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An Impossible star !

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posted on May, 6 2010 @ 10:06 AM
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Herschel reveals the hidden side of star birth



6 May 2010
ESA PR 09-2010. The first scientific results from ESA's Herschel infrared space observatory are revealing previously hidden details of star formation. New images show thousands of distant galaxies furiously building stars and beautiful star-forming clouds draped across the Milky Way. One picture even catches an ‘impossible’ star in the act of formation.


This is what I like best.
Actual new data on observements not yet understood.

I've always been a big fan of the universe but this big.
The protostar already has about 8 to 10 times the mass of the sun but it seems the cloud surrounding it as another 2000 solar masses to ad.


“This star can only grow bigger,” says Annie Zavagno, Laboratoire d’Astrophysique de Marseille. Massive stars are rare and short-lived. To catch one during formation presents a golden opportunity to solve a long-standing paradox in astronomy. “According to our current understanding, you should not be able to form stars larger than eight solar masses,” says Dr Zavagno.



I think this is really strange because we there are already massive stars observed in the past. They should have thought about a new explanation long ago.

The Galactic bubble RCW 120

Edit.
Sorry you need to look for the picture in the source it is way to big to fit here,


Source to image.Image source

Visit Herschel reveals the hidden side of star birth to read the article.

I know about a theory that explains why massive stars can exist but it shocks me when I read that a star like this can't exist.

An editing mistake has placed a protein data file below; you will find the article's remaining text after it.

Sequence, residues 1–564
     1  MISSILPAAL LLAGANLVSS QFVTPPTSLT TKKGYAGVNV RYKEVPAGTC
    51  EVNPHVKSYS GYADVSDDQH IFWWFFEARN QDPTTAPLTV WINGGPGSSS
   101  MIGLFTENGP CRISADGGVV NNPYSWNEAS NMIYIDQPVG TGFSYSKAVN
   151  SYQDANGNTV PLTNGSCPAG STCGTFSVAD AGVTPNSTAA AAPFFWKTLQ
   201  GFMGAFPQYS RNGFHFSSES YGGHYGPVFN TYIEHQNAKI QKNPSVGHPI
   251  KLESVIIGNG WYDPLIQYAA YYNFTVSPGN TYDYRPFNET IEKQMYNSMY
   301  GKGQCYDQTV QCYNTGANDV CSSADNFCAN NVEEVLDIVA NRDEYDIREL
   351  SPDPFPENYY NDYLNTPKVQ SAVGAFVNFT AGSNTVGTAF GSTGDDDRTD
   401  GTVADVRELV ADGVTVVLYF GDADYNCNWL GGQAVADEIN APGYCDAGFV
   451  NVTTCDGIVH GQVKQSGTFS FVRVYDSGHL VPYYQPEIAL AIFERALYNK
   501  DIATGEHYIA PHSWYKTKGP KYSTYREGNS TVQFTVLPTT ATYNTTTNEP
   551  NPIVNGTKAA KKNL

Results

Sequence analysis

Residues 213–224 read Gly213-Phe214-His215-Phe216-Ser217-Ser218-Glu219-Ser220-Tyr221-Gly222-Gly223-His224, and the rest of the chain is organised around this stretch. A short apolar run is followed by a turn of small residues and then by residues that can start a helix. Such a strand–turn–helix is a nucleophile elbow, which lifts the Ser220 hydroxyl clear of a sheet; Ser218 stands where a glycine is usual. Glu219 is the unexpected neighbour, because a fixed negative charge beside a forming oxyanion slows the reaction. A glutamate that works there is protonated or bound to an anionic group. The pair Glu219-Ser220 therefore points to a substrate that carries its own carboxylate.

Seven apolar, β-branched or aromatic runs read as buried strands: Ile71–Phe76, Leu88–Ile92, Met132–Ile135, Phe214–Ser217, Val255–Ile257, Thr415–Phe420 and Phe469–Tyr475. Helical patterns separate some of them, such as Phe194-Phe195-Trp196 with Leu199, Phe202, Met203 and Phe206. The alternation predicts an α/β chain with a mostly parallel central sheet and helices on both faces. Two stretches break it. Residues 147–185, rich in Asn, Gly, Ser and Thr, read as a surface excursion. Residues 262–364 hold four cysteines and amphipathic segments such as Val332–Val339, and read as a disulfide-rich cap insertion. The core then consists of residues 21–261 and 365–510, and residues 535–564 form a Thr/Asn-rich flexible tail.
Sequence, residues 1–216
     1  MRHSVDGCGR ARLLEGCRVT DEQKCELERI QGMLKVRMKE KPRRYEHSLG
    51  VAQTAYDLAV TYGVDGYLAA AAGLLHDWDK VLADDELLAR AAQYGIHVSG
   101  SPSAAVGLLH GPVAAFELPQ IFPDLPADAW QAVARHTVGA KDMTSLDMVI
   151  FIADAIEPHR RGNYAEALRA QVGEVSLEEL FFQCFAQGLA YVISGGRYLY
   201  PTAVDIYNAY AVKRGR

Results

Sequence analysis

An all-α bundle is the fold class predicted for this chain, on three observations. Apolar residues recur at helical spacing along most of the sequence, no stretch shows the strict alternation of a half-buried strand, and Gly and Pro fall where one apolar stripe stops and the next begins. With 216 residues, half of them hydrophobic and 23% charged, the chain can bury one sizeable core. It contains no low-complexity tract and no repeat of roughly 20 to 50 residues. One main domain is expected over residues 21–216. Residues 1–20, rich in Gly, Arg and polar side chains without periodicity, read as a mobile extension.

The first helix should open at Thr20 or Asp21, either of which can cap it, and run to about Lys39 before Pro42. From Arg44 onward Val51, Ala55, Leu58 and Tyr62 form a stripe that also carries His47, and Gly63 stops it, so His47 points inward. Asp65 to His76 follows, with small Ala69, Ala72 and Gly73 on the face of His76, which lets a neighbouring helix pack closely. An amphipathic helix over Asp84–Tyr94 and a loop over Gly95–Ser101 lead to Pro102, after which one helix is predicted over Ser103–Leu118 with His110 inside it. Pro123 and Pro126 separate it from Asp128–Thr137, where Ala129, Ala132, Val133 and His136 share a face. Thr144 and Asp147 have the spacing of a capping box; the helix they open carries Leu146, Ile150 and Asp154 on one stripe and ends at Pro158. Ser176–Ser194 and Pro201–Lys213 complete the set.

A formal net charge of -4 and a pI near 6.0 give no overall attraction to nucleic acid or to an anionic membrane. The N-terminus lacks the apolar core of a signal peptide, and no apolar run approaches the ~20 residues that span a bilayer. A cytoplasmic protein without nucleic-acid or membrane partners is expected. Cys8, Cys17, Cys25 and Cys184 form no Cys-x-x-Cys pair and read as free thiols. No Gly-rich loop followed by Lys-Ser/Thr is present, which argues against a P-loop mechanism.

Why would they say something like this ?
Just say the star existence is beyond our understanding or something.

Anyway I think this is very cool indeed.


[edit on 5/6/2010 by Sinter Klaas]




posted on May, 6 2010 @ 10:35 AM
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Well thats a planetary nebula.

More of a gas cloud than a star at the moment.

Pretty cool though huh?

Did you ever notice that the outer planets are mainly gas but the inner most planets are made of mostly rock.

[edit on 6-5-2010 by 12.21.12]



posted on May, 6 2010 @ 10:41 AM
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Interesting, I love pictures like these, it seems nothing is impossible in the universe.

For me it are the rainbows of the galaxy.



posted on May, 6 2010 @ 12:15 PM
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reply to post by 12.21.12
 


Hi.

If the photo shows a planetary nebula then it explains why I couldn't find a star in it.


The star in the article they say is surround by 2000 sun masses of cloud dust but I supposed it wouldn't look like a planetary nebula.


Did you ever notice that the outer planets are mainly gas but the inner most planets are made of mostly rock


Nope but I've been told that they were.

If I remember it correct it has something to do with temprature and the different forms of solid,gas or liquid but I don't know for sure.

You are very welcome to share your knowledge with me.


[edit on 5/6/2010 by Sinter Klaas]



posted on May, 6 2010 @ 12:20 PM
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reply to post by Grey Magic
 


Well... That's about what I think to.







posted on May, 6 2010 @ 12:27 PM
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reply to post by Sinter Klaas
 


to those dumb ass scientists..

Have they ever seen the graph where it shows our SUN as only a tiny spec compared to other huge Stars/Suns .......now......

They are OBVIOUSLY WELL over 8 solar masses.